How to Keep Your Outdoor Cat Safe During Winter
15 February 2021 — Miscellaneous | Cats
Most people keep their cats indoors all year round, but for those who let their feline friends venture outside, it is important to keep an eye on dropping temperatures in the winter. Even though most cats have thick coats, it doesn’t protect them completely from winter’s chilly weather. Problems such as frostbite and hypothermia can occur as soon as when the temperature drops below 32°F (0°C).
Although all cats can suffer from the cold, their tolerance and sensitivity threshold are not the same. Indeed, different factors can have an impact on their capacity to withstand the cold. Here are a few of them as well as some tips on how to ensure your cat stays safe during winter.
Some cats, particularly those that don’t have much or any hair such as the Sphinx or the Rex, don’t like the cold very much. While others, such as the Norwegian, the Maine Coon and the Siberian, are mostly unbothered by it. That said, even cats that are the least sensitive to cold can have a hard time withstanding extremely chilly temperatures.
A cat’s thermoregulation system’s efficiency does not stay the same throughout their lifespan. Indeed, it is particularly weak when cats are born, and it reaches its full potential once they attain adulthood. Furthermore, the thermoregulation system ages and loses its efficiency over time. For this reason, a senior cat will be more sensitive to cold.
Type of Coat
It goes without saying, the thicker their coats are, the better cats can withstand cold temperatures since they have a greater capacity to preserve body heat. Also, there is less risk for their skin to become damp from exposure to moisture such as snow.
If your cat is used to going outdoors, they will easily find spots away from the cold to stay warm and comfortable. However, if your indoor cat successfully escapes outside during cold temperatures, they are at a greater risk of being exposed to potential dangers.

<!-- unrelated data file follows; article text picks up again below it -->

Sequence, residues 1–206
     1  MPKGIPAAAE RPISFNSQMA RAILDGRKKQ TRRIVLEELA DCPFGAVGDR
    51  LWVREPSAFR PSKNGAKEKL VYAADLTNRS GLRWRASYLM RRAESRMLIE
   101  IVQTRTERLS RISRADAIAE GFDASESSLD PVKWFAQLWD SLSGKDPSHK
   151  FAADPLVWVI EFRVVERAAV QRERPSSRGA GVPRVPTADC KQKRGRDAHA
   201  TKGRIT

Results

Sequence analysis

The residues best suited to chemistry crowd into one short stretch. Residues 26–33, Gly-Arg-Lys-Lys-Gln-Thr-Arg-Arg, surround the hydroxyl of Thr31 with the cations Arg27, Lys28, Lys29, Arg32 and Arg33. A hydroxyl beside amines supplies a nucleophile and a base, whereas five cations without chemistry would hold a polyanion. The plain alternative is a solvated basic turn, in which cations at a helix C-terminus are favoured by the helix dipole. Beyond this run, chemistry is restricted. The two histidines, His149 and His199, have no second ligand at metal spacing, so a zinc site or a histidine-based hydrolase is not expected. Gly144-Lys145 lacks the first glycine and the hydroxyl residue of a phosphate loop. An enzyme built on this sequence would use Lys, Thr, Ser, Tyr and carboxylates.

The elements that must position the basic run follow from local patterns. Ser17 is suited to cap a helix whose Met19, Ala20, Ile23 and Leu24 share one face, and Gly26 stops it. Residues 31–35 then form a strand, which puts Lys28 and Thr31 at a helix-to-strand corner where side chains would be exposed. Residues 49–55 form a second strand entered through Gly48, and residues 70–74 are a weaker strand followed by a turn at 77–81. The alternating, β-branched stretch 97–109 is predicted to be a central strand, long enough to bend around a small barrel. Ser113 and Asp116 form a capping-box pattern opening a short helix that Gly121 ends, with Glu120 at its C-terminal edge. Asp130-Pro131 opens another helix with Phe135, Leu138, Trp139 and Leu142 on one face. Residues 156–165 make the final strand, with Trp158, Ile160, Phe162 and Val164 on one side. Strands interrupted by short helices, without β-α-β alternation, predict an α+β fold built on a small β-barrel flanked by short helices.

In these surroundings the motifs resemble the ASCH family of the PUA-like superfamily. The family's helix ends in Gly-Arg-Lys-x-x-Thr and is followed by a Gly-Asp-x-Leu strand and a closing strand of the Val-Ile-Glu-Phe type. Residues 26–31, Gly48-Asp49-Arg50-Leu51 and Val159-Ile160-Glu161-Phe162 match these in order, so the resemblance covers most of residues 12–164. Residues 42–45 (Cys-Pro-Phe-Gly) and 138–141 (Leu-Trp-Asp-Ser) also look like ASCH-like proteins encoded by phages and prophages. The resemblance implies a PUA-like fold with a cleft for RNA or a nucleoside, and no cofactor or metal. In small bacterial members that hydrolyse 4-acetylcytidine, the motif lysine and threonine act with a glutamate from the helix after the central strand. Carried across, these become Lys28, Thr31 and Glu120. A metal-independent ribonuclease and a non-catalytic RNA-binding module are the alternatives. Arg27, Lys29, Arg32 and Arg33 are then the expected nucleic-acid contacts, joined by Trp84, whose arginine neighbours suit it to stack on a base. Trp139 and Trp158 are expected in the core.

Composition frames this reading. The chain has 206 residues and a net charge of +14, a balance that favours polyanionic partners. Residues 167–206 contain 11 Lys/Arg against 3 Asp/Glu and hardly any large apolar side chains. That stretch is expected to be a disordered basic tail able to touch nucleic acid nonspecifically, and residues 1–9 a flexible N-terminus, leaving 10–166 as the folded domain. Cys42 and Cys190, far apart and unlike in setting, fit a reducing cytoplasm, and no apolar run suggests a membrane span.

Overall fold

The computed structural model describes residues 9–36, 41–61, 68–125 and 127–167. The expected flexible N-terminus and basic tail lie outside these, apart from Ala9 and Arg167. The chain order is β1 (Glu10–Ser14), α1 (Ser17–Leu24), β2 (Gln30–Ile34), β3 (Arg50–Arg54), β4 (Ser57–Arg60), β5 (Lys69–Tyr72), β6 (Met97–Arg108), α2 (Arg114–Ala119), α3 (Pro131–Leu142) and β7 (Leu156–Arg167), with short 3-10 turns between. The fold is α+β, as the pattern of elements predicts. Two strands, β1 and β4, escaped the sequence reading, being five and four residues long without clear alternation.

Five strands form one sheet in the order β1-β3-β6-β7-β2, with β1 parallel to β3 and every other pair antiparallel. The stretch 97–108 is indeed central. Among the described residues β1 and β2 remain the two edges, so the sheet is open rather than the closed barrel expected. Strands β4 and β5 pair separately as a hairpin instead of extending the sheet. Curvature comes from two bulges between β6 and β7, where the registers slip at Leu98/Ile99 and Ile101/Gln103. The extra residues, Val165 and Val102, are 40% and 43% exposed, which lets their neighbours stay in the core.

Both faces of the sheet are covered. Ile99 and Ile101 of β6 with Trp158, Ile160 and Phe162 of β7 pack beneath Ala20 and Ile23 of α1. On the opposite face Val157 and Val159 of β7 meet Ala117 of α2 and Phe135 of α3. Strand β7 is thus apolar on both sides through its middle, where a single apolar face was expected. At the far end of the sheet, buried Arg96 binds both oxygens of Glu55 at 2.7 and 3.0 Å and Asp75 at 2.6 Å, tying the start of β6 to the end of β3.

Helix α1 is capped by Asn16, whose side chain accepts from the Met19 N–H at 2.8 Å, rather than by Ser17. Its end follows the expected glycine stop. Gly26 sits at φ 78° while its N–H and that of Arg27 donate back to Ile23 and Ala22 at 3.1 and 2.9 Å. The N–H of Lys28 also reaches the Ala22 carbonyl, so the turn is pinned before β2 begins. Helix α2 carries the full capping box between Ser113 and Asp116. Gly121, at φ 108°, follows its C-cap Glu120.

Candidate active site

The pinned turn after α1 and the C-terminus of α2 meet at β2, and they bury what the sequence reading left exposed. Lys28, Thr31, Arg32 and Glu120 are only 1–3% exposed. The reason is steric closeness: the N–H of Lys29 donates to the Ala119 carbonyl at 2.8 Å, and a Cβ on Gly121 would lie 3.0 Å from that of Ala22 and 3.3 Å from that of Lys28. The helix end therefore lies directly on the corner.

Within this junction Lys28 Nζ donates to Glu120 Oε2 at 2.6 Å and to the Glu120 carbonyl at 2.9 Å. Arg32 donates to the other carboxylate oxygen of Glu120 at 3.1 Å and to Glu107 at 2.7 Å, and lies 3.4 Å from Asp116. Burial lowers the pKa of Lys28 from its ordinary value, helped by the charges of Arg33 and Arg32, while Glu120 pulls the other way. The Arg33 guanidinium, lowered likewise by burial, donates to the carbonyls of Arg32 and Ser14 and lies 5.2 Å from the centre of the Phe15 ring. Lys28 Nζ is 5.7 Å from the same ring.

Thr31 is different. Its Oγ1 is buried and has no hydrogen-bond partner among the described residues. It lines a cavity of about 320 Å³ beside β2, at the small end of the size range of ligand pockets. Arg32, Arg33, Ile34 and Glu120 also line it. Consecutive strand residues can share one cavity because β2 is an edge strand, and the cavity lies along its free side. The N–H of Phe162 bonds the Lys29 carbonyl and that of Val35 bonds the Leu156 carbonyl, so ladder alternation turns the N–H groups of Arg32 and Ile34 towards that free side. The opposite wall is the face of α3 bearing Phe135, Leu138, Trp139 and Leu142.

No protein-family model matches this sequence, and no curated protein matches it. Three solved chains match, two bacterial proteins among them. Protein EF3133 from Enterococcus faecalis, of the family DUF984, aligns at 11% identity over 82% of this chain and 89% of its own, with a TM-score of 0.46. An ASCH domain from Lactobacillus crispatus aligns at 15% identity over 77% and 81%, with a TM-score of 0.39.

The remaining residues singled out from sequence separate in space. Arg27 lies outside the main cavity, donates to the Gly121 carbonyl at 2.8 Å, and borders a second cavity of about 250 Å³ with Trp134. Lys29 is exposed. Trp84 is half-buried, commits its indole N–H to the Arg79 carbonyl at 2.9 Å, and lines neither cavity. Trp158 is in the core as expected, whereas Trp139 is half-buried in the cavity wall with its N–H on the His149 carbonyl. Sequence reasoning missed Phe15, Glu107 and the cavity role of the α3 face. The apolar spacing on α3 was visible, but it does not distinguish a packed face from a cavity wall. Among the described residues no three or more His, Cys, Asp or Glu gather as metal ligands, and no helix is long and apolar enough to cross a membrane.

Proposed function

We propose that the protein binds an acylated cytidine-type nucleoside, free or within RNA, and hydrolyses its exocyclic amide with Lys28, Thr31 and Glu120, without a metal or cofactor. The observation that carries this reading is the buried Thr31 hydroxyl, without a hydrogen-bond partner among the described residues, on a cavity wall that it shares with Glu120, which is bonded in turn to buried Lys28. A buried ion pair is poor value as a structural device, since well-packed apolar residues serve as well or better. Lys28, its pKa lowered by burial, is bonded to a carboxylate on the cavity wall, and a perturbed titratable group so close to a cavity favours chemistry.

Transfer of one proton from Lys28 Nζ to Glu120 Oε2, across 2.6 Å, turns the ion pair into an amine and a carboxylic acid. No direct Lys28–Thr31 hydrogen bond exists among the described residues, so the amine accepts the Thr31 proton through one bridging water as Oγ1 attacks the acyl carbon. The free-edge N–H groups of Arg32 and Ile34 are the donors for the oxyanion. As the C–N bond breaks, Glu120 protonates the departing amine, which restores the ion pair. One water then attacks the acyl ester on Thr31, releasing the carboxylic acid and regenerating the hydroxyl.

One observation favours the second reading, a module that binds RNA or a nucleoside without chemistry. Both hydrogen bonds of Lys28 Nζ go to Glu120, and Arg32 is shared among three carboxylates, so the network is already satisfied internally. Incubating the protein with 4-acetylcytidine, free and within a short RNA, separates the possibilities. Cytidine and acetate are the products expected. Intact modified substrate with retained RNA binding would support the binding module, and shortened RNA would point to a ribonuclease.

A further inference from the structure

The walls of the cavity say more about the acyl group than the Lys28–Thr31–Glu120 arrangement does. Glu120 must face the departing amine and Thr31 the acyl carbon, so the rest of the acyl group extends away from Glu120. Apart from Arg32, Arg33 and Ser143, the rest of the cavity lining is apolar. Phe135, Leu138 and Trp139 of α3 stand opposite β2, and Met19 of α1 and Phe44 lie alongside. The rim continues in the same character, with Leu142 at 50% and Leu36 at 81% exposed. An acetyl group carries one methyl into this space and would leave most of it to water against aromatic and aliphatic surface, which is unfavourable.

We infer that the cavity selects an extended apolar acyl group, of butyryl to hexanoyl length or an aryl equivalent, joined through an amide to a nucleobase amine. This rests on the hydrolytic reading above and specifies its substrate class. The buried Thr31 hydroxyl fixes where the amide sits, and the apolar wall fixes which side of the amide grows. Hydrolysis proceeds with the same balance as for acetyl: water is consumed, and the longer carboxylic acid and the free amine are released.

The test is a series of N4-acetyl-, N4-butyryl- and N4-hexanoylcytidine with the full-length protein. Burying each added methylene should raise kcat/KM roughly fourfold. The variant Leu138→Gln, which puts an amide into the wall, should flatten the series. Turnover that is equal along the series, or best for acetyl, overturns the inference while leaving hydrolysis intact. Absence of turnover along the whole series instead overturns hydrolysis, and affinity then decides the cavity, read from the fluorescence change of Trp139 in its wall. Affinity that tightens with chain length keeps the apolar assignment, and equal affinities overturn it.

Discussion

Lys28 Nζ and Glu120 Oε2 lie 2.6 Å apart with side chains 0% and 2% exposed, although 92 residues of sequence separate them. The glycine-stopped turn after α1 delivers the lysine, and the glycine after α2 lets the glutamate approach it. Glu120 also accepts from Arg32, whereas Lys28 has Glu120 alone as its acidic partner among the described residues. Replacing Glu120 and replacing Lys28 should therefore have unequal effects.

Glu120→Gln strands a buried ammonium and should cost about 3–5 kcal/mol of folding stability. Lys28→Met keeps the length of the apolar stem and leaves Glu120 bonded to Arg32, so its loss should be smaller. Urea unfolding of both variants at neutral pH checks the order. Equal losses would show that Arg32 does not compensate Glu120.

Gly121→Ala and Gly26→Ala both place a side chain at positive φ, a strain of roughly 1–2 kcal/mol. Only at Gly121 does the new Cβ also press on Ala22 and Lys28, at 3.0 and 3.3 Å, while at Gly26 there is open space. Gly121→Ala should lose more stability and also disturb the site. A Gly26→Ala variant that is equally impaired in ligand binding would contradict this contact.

- Install an area where your cat can find shelter from the cold and wind. You can build them a slightly elevated waterproof shelter and add straw as bedding. Avoid using hay, blankets, and towels as these can become damp and very cold for your cat.
- Make sure your cat is back in the house for the night when temperatures are low, and risks of frostbite and hypothermia are high.
- Feed them a diet that is very rich in protein.
- Ensure to give them fresh water because cats need to stay well hydrated even in winter.
- Check their overall health each time they return from outside, making sure to examine their pads and ears, and whether they are coughing or sneezing. Rinse their paws to remove any salt that could get trapped between the pads.
Even though cats may look well protected from the chilly winter conditions with their thick coats, they can still, just like humans, suffer from the cold. Therefore, it is crucial that you keep an eye on your feline friend during harsh winter months. Limiting their outings when temperatures are frigid can also help reduce their risk of injury.
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